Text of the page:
Well yesterday there I was sitting in my cubicle talking to someone and a guy walked up and handed me a package. It was a little thank-you note, and a folded up American Flag. There was a certificate in there that said it had been flown over their battalion in Iraq and was now being sent to us in appreciation. How very cool and unexpected. I right away got Jackie and we presented the flag to Amber. She put her hand over her heart and kind of staggered backwards a couple steps, she was overcome!

Amber is going to find a place in the office area to display the flag and certificate. It made me feel good that I was able to be a part of doing this, and as always with these types of things I seemed to get a whole lot more out of it than I put into it.

I was messaging an old friend about Sweater Day and she chuckled at the image of the people in our former department ever doing something like that. Hard to picture it. There have been the occasional attempts at social and charity activities, usually reluctantly organized by the overworked admins and a few eager up-and-comers anxious for any form of attention. I remember back when 9/11 happened and our big, loud, self-important executive director happened to have an all people's meeting just after it. He made a really corny speech and then pressured us all into pitching in money for a donation, and told us we should give blood too. I still remember sitting there snarling under my cloud of cynical negativity because it was so clear that the effort was all about him, and how good he thought it made him look to do this great thing, and the only people who put anything towards it were the ones who wanted to be seen doing it. And the coffee rooms are run by people who do it on work time and keep the profits for themselves.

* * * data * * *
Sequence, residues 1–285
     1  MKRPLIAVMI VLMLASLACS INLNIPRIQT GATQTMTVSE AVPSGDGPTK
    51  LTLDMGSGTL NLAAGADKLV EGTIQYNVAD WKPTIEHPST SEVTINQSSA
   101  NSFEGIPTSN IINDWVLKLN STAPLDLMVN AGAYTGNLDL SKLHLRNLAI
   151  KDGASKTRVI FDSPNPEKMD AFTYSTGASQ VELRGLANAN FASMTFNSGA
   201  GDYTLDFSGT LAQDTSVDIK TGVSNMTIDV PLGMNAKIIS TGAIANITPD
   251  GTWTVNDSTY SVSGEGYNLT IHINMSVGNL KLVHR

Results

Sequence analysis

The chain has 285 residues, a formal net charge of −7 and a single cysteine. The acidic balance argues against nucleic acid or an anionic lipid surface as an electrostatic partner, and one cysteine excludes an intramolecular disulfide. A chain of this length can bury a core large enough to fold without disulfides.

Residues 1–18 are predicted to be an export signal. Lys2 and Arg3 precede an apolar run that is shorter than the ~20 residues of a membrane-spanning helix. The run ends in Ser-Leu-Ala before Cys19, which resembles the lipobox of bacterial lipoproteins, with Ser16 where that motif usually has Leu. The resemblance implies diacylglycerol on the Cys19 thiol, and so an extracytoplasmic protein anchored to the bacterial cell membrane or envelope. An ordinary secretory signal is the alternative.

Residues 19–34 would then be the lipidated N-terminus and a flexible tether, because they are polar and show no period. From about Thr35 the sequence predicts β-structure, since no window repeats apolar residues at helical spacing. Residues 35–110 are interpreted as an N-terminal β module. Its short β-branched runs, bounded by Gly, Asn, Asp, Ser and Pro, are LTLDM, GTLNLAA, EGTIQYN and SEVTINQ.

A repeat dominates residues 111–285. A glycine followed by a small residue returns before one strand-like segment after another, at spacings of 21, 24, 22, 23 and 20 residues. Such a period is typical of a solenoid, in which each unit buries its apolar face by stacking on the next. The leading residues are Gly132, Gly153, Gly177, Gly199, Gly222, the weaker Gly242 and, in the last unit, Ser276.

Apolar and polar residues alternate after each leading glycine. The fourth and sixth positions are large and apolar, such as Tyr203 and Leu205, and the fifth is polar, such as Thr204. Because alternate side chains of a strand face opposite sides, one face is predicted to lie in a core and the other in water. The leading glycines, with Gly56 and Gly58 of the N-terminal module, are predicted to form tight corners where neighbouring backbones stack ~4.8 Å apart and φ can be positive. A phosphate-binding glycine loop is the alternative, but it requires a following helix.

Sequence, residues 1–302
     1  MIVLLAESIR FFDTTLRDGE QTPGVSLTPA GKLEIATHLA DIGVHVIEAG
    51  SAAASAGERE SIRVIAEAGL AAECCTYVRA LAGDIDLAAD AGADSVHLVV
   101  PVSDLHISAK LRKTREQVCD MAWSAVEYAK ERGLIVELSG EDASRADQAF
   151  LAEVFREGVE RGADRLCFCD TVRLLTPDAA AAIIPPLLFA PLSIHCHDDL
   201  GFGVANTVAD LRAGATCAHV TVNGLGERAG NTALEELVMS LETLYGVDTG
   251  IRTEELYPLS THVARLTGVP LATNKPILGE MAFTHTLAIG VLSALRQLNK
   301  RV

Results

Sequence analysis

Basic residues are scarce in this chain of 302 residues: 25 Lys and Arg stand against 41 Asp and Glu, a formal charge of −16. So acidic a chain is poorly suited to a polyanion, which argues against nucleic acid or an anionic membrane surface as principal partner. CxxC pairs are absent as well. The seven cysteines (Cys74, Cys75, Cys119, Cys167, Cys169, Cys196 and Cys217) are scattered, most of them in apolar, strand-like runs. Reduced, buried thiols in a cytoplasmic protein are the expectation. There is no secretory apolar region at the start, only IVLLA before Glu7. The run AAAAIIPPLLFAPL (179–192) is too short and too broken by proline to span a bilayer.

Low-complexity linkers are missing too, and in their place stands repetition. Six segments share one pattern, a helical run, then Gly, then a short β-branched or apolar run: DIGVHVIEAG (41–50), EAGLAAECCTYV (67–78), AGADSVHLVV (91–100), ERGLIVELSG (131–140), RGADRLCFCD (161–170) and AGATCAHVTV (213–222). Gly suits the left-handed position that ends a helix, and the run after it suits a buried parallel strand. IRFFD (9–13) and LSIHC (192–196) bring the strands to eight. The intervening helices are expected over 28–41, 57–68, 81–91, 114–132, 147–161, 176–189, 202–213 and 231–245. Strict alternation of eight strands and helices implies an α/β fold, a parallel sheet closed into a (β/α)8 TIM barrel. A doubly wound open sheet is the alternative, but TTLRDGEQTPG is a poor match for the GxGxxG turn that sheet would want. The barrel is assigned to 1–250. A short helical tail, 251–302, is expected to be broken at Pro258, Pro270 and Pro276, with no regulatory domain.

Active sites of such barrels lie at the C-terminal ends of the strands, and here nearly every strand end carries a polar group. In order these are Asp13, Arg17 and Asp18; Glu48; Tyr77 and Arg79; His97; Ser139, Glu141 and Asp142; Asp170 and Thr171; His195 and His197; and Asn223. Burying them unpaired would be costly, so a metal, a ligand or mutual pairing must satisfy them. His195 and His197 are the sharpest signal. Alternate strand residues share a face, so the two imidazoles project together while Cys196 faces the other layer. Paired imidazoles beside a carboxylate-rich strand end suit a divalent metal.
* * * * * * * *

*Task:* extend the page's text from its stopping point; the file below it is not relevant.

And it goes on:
I could be imagining the difference here but the thing that seems clear to me is that this new department is a place that I would like to fit in with, and I hope I eventually do.

Monday, December 10, 2007

The Sweatshirt